See also: Channel


English Wikipedia has an article on:


  • IPA(key): /ˈt͡ʃænəl/
  • (file)
  • Hyphenation: chan‧nel
  • Rhymes: -ænəl

Etymology 1Edit

From Middle English chanel (also as canel, cannel, kanel), a borrowing from Old French chanel, canel, from Latin canālis (groove; canal; channel). Doublet of canal.


channel (plural channels)

  1. The physical confine of a river or slough, consisting of a bed and banks.
    The water coming out of the waterwheel created a standing wave in the channel.
  2. The natural or man-made deeper course through a reef, bar, bay, or any shallow body of water.
    • 2013 January 1, Nancy Langston, “The Fraught History of a Watery World”, in American Scientist[1], volume 101, number 1, page 59:
      European adventurers found themselves within a watery world, a tapestry of streams, channels, wetlands, lakes and lush riparian meadows enriched by floodwaters from the Mississippi River.
    A channel was dredged to allow ocean-going vessels to reach the city.
  3. The navigable part of a river.
    We were careful to keep our boat in the channel.
  4. A narrow body of water between two land masses.
    The English Channel lies between France and England.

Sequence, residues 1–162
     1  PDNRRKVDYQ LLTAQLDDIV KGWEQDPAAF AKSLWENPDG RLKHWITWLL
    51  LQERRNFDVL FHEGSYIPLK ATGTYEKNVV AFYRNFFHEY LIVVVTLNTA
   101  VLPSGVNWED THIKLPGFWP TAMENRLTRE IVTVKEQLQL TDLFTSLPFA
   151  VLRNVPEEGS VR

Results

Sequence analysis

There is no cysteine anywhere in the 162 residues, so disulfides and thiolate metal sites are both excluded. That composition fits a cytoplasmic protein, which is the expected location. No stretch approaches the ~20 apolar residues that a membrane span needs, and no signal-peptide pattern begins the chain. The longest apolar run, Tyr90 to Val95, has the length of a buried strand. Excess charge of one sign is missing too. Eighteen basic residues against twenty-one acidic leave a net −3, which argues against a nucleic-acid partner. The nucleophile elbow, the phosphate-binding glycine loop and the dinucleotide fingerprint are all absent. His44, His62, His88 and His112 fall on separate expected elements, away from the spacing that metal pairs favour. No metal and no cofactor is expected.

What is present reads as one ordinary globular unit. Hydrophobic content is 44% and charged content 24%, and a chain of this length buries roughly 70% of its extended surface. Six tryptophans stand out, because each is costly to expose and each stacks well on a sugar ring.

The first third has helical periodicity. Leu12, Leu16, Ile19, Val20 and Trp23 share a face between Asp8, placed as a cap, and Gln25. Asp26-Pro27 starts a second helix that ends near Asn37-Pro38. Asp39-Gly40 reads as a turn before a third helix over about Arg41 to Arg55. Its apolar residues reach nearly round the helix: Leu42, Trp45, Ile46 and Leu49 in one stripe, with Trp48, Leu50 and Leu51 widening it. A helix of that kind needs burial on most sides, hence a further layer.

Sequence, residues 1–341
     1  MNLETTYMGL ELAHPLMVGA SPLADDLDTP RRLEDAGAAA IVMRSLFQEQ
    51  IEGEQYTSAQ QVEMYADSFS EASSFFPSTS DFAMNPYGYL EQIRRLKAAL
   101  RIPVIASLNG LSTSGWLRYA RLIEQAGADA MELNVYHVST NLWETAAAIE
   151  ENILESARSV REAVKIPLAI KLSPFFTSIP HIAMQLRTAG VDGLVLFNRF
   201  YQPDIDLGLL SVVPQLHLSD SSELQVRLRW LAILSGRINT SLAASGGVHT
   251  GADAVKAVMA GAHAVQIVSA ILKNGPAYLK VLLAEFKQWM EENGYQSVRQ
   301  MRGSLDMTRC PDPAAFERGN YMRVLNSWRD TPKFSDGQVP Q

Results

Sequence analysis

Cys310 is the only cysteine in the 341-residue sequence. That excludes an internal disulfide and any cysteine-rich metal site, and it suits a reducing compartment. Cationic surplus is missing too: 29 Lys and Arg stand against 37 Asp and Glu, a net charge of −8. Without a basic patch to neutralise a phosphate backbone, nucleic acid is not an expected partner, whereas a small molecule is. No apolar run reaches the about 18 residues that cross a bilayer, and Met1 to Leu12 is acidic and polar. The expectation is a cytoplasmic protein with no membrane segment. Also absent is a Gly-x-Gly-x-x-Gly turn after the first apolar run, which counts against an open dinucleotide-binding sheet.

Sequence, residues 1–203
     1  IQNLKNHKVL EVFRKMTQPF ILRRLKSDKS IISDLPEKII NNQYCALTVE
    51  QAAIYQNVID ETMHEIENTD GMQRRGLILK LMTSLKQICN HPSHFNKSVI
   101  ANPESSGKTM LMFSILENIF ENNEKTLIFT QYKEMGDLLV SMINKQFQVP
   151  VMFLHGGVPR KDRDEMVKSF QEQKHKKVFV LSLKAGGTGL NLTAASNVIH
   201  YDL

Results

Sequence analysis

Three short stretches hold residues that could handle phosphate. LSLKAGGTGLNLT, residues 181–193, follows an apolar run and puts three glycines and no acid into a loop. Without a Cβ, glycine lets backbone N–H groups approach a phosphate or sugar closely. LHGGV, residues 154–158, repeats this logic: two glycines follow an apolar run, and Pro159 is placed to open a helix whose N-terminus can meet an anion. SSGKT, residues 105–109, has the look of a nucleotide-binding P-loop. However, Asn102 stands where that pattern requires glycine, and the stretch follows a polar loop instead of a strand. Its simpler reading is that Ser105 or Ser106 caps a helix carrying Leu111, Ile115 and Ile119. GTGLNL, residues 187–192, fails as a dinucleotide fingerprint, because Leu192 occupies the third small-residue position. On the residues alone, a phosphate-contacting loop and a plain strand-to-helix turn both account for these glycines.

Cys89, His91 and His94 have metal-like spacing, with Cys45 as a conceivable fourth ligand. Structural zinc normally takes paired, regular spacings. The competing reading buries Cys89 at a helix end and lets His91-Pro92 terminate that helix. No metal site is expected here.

• 2018 May 14, Jon Stone in Brussels, The Independent[2]:
      Our citizens and our businesses on both sides of the channel need more security and predictability for the future
  5. Something through which another thing passes; a means of conveying or transmitting.
    The news was conveyed to us by different channels.
  6. A gutter; a groove, as in a fluted column.
  7. (construction, mechanical engineering) A structural member with a cross section shaped like a squared-off letter C.
    • 1960, “Structural Shapes”, in Construction Materials, Concrete Construction, and Engineer Computations, U.S. Government Printing Office:
      The channel is not very efficient as a beam or column when used alone, but built-up members may be constructed of channels assembled together with other structural shapes and connected by rivets or welds.
  8. (electronics) A connection between initiating and terminating nodes of a circuit.
    The guard-rail provided the channel between the downed wire and the tree.
  9. (electronics) The narrow conducting portion of a MOSFET transistor.
  10. (communication) The part that connects a data source to a data sink.
    A channel stretches between them.
  11. (communication) A path for conveying electrical or electromagnetic signals, usually distinguished from other parallel paths.
    We are using one of the 24 channels.
  12. (communication) A single path provided by a transmission medium via physical separation, such as by multipair cable.
    The channel is created by bonding the signals from these four pairs.
  13. (communication) A single path provided by a transmission medium via spectral or protocol separation, such as by frequency or time-division multiplexing.
    Their call is being carried on channel 6 of the T-1 line.